Update - 2/21/10 - After watching the piece on 60 minutes I didn't see any mention of energy storage capabilities, so my assumptions is that this version of the Bloom Box is only going to generate power using a gas, which in most situations will be natural gas.  While the Bloom Box can also use renewable gas, like landfill gas or bio-gas, in most cases it will use natural gas.  There are a few down sides to this:

  1. Natural gas is still a fossil fuel which means there is only so much of it in the ground
  2. Natural gas is subject to price fluctuations just like oil is.  With a dwindling supply and increased world demand, these price fluctuations will only get more severe
  3. Natural gas isn't readily available everywhere (but of course no energy source is readily available everywhere)

And while the actual concept of using a fuel cell to power homes or businesses isn't new, a cost-effective, reliable, and market ready solution is new. 

If the Bloom Box uses natural gas to produce electricity in a fuel cell right on the spot (which it does), you eliminate many of the losses that currently exist in our electric power distribution system.  The down side is that you are still relying on a fossil fuel, albeit one that is cleaner than coal or oil and way more efficient since it is being used to create electricity at the point of use.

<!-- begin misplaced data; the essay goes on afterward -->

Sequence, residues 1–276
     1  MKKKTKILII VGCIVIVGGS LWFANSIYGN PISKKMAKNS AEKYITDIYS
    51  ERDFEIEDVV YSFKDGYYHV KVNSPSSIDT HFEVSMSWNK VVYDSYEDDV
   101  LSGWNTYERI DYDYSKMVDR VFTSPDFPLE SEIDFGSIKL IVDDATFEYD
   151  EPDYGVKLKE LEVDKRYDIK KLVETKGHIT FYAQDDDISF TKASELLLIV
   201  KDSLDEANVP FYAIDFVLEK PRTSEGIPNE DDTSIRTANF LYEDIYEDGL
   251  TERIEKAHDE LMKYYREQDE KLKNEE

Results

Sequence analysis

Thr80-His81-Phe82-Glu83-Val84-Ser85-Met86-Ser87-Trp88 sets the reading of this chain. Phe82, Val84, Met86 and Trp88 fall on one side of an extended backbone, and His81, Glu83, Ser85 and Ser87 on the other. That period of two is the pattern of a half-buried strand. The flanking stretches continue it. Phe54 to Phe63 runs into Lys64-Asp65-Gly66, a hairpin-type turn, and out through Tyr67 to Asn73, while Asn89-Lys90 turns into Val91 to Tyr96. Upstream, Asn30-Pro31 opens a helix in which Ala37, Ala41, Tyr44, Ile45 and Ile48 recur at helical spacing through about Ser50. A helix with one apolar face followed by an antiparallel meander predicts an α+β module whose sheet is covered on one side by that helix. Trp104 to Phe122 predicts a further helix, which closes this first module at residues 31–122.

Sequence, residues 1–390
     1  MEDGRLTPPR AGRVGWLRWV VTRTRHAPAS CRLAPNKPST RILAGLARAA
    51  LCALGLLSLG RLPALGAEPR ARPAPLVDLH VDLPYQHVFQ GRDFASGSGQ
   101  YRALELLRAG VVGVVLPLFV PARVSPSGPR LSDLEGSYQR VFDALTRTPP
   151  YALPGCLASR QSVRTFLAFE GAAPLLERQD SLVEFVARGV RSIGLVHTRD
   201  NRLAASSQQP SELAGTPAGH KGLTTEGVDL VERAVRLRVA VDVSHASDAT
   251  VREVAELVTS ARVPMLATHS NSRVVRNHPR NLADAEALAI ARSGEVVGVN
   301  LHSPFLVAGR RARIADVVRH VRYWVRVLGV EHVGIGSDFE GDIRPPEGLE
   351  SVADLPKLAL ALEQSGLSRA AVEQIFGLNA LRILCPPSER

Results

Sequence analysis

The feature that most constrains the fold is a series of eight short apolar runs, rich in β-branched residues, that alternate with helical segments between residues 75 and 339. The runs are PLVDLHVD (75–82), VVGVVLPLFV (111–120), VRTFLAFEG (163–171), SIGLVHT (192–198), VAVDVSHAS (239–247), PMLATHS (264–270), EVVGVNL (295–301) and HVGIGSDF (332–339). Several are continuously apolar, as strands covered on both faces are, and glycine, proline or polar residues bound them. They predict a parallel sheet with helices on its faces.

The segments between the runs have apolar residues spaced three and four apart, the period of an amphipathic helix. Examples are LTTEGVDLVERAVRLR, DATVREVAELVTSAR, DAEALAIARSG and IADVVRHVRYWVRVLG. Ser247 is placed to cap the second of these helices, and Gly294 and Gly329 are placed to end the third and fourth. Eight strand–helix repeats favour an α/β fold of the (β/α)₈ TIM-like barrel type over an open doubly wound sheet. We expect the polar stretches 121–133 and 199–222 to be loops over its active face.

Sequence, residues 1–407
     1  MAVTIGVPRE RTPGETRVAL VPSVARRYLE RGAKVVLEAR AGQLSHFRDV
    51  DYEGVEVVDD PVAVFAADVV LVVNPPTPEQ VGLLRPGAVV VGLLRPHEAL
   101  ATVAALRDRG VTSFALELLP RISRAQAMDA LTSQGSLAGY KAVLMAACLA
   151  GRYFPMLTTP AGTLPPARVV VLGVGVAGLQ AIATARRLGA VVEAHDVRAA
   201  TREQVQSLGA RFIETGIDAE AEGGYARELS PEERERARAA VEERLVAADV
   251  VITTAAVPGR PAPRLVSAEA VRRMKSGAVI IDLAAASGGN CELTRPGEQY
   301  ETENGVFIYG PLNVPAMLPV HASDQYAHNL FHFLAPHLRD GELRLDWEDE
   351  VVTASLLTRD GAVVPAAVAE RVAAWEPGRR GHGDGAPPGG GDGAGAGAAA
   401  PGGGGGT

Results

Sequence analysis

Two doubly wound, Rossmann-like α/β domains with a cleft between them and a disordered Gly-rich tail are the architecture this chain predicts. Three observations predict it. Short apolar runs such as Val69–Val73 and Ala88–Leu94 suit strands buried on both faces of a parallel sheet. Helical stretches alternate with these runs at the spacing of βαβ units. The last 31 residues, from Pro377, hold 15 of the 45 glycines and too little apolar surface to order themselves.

The Bloom Boxes currently only come in one size that can power commercial buildings or approximately 100 homes and Bloom Energy says they sell for around $700-$800,000.  According to CBS, John Donahoe, CEO of E-bay, confirms Bloom Boxes were installed at his corporate campus nine months ago.  The company says the boxes already saved them over $100,000 in electricity bills.